Signs and Symptoms of Marijuana Abuse

Marijuana, which is more often known as weed or pot, is a substance that when smoked or eaten brings about feelings of relaxation, euphoria, and detachment from one’s surroundings. While many might feel that the use of marijuana is harmless, the truth is that the use of this substance can damage the overall function of one’s brain, and when children and adolescents use this substance, it can affect their neurological development. The continued use of marijuana can bring on poor lung functioning, cardiac problems, a decline in learning capabilities, difficulty using sound judgment, and impaired coordination. In addition, when individuals use marijuana and participate in activities such as driving, they place themselves and others at risk because their perception is altered. Keep in mind, however, there are treatment options for marijuana abuse.

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Research has shown the over the past six years, the amount of adolescents who use marijuana has increased significantly. According to recent studies, roughly 7% of 8th graders, 18% of 10th graders, and 23% of 12th graders have used marijuana within the month prior to the collection of data. Other studies show that over 6% of high school students use marijuana daily.

Causes and Risk Factors of Marijuana Use

Similar to the use of other illicit substances, experts have yet to determine the specific reason or reasons that some people use marijuana while others do not. Instead, it is believed that a number of factors increase one’s risk of marijuana abuse, including:

Genetic: Substance abuse and addiction is said to have strong genetic ties, tending to run in families. Children and adolescents who have relatives such as parents and siblings who abuse marijuana are more likely to do so themselves.

Environmental: Children and adolescents who spend time in an environment where marijuana is used frequently or considered acceptable are more likely to start abusing substances than those who do not live in similar environments. In addition, young individuals might use marijuana as a method of self-medicating negative emotions that come from trauma or an existing mental illness.

Risk Factors:

  • Experiencing trauma
  • Lack of parental involvement / poor parenting
  • Easy access to marijuana
  • Peer pressure
  • Family or personal history of mental illness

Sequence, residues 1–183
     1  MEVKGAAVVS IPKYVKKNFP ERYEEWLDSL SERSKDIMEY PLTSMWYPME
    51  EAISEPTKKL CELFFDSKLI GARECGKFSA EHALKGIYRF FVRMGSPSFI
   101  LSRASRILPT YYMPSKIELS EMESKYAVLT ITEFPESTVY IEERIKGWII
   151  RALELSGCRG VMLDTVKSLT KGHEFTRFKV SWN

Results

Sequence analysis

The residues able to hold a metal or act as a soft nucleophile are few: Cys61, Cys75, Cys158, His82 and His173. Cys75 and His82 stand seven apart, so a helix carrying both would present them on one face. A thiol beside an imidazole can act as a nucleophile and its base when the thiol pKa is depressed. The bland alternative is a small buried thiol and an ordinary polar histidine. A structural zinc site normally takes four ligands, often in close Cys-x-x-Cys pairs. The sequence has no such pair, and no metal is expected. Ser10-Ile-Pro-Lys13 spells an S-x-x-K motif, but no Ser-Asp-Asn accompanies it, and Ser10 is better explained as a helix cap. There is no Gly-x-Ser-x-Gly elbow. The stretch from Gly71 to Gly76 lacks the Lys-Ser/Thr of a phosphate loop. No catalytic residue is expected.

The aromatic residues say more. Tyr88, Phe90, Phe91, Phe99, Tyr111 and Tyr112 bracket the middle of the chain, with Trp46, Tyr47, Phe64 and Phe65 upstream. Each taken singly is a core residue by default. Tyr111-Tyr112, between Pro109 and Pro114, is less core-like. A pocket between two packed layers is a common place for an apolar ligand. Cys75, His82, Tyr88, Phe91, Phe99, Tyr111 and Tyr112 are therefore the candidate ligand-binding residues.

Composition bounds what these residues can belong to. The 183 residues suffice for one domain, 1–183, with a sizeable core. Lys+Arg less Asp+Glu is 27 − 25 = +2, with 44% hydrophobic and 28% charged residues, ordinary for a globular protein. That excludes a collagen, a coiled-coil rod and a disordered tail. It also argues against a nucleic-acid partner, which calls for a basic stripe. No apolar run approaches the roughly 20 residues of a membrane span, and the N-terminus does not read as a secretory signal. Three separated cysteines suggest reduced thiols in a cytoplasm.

• Early exposure to the use of marijuana
  • Family history of substance use
  • Personal history of using other substances

Signs and Symptoms of Marijuana Use

The signs and symptoms that a child or adolescent might display when abusing marijuana can include:

Behavioral symptoms:

  • Being overly talkative or giggly
  • Slowed reaction time
  • Laughing at inappropriate times
  • Familial discord
  • Engaging in risky behaviors
  • Decreased inhibition
  • Sudden change in one’s group of friends
  • Participating in drug-seeking behaviors
  • Possessing drug paraphernalia
  • No longer participating in activities one once enjoyed
  • Decreased academic performance

Physical symptoms:

  • Mucus-filled cough
  • Dry mouth
  • Red, bloodshot eyes
  • Glassy eyes
  • Impaired coordination
  • Appearing disheveled
  • Increased heart rate
  • Extreme feelings of hunger
  • Excessive fatigue

Cognitive symptoms:

  • Inability to maintain focus
  • Learning difficulties
  • Losing one’s train of thought during conversation
  • Diminished motivation
  • Delusions
  • Paranoia
  • Distorted sensory perception
  • Hallucinations
  • Memory loss
  • Disorientation

Psychosocial symptoms:

  • Agitation
  • Depression
  • Deterioration of one’s overall sense of emotional wellbeing
  • Anxiety
  • Irritability
  • No longer interested in things one was once interested in

Effects of Marijuana Abuse

The continued abuse of marijuana can bring on a series of negative consequences. The specific consequences will vary from individual to individual based on how long he or she has been using, how much he or she has been consuming, and how often he or she does so. In addition, the age of the individual can also be a factor. These effects can include:

  • Decline in physical health
  • Decline in mental health
  • Sleeping disturbances
  • Interaction with the legal system
  • Beginning to use other substances
  • Irreversible memory impairment
  • Decline in motivation
  • Decline in academic performance
  • Suspension or expulsion from school
  • Impaired intellectual functioning
If you feel that you are in crisis, or are having thoughts about hurting yourself or others, please call 9-1-1 or go to the nearest emergency room immediately.

Co-Occurring Disorders

There are many cases where children and adolescents use marijuana as a means of self-medicating while they are experiencing other mental health disorders. Some of the many disorders that can co-occur with marijuana abuse can include:

  • Schizophrenia
  • Polysubstance use
  • Conduct disorder
  • Depressive disorders
  • Attention-deficit/hyperactivity disorder
  • Bipolar disorder
  • Anxiety disorders

Effects of Withdrawal

When children or adolescents have used marijuana for a long period of time and then stop using it suddenly, it is possible for withdrawal symptoms to develop. Some of these symptoms include:

  • Insomnia
  • Irritability
  • Anxiety
  • Intense cravings
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